I’m not here to tattle. No siree, Bob. I’ll save that for my kids. But what I am here to do is spell out a story in which I ended up down in the dumps.
A medical mistake happened. To me. On me.
I’ll never forget it. I can’t because I carry it with me forever.
Here’s the short of the long:
My obstetrician messed up. She took care of my pregnancy during one of the most difficult periods of my life, medical residency. She missed a shot that should have been given. RhoGam, to be exact.
What Is RhoGam?
RhoGam is an injection.
The baby forming inside of my belly was Rh-positive, surrounded by my Rh-negative blood. The purpose of administering the injection would be to basically confuse my body into not “noticing” this inconsistency and move forward normally, without a hitch. Except, in my case, I didn’t get it, and my body wasn’t exactly ok with the scenario.
It looked at my baby as a foreign invader and thus formed antibodies (attacker cells, in a nutshell, like the ones we make when we have a cold) against him. It basically thought his blood cells were a virus and needed to kill them.
“Aren’t you a doctor?”
How did I not know I needed to get the shot? How did being a doctor myself not prevent me from this terribly unnecessary mistake?
I can’t clearly answer this question, because the guilt of it all still weighs heavily on my shoulders. What I can say is that I put 100 percent of my faith into her hands. After all, I had been a completely healthy woman up until then, with no medical issues whatsoever. I never had to double check anything until then because it just wasn’t ever necessary.
I didn’t even know my blood type. Do you?
Plus, I was in residency, back at the time when resident hours were not limited by laws in place today. I easily put in 80 hours — often more — of work in the hospital, with many sleepless nights. I’m not sure how I did it, and pregnant, no less, but I did. The bottom line was that I was doctoring others, and that in itself, was more than enough.
Something else may have contributed to this, and it’s more of a confession: the fact that I wasn’t ready to be a mom. I didn’t keep a week-by-week tracker of my baby’s progress- as other expectant moms-to-be often do- didn’t caress my belly, or even sing the baby lullabies. I was working 36-hour shifts- treating HIV, alleviating sickle crisis pain, even administering CPR.
In my third trimester, hospitalized with fever, a resident barged into my room and, no less than three times, asked — or rather accused, in disbelief — if I had been pregnant before, and specifically if I had had an abortion.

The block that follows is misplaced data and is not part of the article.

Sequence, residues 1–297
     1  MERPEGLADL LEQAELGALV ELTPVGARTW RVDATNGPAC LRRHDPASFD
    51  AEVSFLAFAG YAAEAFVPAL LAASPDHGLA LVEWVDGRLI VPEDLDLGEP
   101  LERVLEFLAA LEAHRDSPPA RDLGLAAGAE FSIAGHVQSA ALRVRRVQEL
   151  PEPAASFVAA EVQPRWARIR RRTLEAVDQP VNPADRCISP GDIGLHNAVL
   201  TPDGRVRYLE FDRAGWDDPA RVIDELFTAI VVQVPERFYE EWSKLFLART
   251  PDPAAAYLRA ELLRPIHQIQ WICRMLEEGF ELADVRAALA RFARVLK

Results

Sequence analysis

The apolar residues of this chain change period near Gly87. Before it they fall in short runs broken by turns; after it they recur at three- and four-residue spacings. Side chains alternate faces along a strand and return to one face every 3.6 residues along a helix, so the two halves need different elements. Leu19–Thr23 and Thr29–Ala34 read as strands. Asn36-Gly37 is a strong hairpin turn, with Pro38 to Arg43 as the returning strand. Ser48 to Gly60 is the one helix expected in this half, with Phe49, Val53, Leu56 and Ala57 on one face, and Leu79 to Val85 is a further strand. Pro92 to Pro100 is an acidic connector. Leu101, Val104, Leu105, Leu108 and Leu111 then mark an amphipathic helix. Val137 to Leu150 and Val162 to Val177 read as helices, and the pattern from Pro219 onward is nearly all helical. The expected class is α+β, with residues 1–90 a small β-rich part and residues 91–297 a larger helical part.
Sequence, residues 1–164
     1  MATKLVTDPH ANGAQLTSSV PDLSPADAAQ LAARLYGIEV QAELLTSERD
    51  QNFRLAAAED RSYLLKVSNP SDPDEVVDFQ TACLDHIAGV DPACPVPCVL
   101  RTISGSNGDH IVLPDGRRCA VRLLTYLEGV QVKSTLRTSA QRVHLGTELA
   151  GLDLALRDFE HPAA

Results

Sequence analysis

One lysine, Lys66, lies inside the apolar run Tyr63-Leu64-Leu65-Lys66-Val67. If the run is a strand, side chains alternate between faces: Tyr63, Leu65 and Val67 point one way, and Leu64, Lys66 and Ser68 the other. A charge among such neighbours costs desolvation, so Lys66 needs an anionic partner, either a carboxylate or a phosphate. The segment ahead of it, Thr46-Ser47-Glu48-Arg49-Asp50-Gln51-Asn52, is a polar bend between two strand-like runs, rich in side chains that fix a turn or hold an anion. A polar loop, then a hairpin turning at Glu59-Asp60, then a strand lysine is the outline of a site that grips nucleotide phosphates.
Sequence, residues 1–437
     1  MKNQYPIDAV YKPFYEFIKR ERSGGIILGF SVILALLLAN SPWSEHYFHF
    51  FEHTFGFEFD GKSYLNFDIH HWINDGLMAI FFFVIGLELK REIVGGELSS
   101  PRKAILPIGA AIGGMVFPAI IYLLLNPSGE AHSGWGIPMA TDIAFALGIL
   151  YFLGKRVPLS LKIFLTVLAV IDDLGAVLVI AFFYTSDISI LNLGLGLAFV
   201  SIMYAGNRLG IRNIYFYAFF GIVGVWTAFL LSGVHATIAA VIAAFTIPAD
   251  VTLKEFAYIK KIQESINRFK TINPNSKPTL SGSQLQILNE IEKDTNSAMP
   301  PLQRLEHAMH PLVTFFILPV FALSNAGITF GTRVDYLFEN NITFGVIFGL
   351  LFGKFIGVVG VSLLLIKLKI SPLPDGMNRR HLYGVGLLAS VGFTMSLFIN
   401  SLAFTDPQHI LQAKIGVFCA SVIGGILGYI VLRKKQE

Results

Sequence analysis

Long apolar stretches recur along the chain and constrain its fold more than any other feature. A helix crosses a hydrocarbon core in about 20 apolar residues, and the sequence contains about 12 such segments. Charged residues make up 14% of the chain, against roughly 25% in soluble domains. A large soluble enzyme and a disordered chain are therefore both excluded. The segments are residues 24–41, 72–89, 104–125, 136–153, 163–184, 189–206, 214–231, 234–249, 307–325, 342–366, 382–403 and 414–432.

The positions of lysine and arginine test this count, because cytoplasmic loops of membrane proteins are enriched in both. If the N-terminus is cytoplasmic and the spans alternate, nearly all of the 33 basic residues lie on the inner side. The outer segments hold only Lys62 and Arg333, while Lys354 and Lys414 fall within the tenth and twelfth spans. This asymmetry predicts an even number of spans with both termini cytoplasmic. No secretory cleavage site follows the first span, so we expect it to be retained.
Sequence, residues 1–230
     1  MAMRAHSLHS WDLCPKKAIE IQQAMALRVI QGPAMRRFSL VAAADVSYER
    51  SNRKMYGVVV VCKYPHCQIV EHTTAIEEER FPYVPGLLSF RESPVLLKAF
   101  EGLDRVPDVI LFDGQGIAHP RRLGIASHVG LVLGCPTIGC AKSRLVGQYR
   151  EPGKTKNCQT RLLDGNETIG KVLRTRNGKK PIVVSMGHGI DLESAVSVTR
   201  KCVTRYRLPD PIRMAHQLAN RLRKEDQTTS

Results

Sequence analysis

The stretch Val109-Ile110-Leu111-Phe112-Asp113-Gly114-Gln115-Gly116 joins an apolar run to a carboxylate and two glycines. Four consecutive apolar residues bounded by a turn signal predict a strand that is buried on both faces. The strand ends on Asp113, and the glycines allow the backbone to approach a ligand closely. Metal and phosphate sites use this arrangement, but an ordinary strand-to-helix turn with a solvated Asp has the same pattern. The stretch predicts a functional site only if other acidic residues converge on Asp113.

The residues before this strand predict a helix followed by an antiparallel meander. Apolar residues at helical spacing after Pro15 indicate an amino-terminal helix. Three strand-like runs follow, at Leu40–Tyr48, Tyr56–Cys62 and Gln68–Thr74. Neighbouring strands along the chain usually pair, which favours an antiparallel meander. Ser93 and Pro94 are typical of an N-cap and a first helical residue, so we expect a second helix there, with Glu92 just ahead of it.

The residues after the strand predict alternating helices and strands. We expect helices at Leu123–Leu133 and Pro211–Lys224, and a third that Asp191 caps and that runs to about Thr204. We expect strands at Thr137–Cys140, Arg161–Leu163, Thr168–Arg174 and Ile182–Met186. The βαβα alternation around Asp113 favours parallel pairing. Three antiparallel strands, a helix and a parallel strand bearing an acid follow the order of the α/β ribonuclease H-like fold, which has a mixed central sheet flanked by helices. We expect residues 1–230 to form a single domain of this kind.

“Are you sure?”
“Not even one?”
I get the confusion, in hindsight, of course. Back then, though, it was nothing short a painful interrogation. To not only discover my body had reacted in a rare way and that this could have been prevented, but to also have my honesty questioned.
They were hoping it was a mistake, that I was an anomaly, and scampering to find an alternate cause, other than physician negligence.
In hindsight — which, in medicine, is always 20-20 — and in speaking with many obstetricians since, it turns out RhoGam is considered an automatic knee-jerk injection to those in the field. It rarely gets missed in this day and age.
But it was! I was missed!
Please excuse the exclamation marks, but my urge to scream out these words fails to be subdued by my need to maintain medical professionalism. It’s an adult-style tantrum. We all need these sometimes because they serve as alternatives to lawsuits and therapy.
After it happened, my pregnancies became high risk. The antibodies my body made were stored forever, consequently multiplying with each one. They waited like weapons, ready for attack. For me, high-risk translated into frequent doctor’s appointments at the high-risk clinic, close monitoring and weekly ultrasounds. There were now the risks of fetal hemolytic anemia, jaundice — as the baby’s blood cells popped-fetal heart failure and death.
This was the future I faced.
I’ll fast forward many years, skip through details in between. The short end of what happened was that. Well, that nothing really happened.
I grappled with my new reality, braced myself for closure, but didn’t get any from the medical side. My pain was supposed to magically disappear, from the OB’s perspective, waved away by the far-away tip of her wand. My dreams of many children were pushed back, painted over by the paintbrush in her hand. Like Pablo Picasso, she created a new reality, all on the frame of my one stretched canvas — a new reality on top of the old.
She never apologized properly.
I learned some valuable lessons from my experience. First, appreciate what you have and try to not look back. When all is said and done, I can’t change what happened.
What I can change is learning how to live with the reality of a situation in the most positive way that I can.
Thankfully, mine came to a happy ending; though I may not have given birth to the five children I always wanted, I did to three beautiful, healthy ones. I do leave out obstetrical mishaps along the way, including those subsequent to my last delivery, and mainly it’s because I’ve come to terms with what has happened and choose to focus on what I have.
Second is how I make things better, as a practitioner, for my own patients. I know how it feels to not have control over what happens to you, because I stood on the other side, as the patient. It sucks. And I know that, back then, as many patients going through a case of medical negligence feel, all I needed was an apology and a hug.
To hear, “I know this happened, and it shouldn’t have. I made a mistake, but I’m here for you. I got your back.”
Dana Corriel is an internal medicine physician who blogs at drcorriel.
Image credit: Shutterstock.com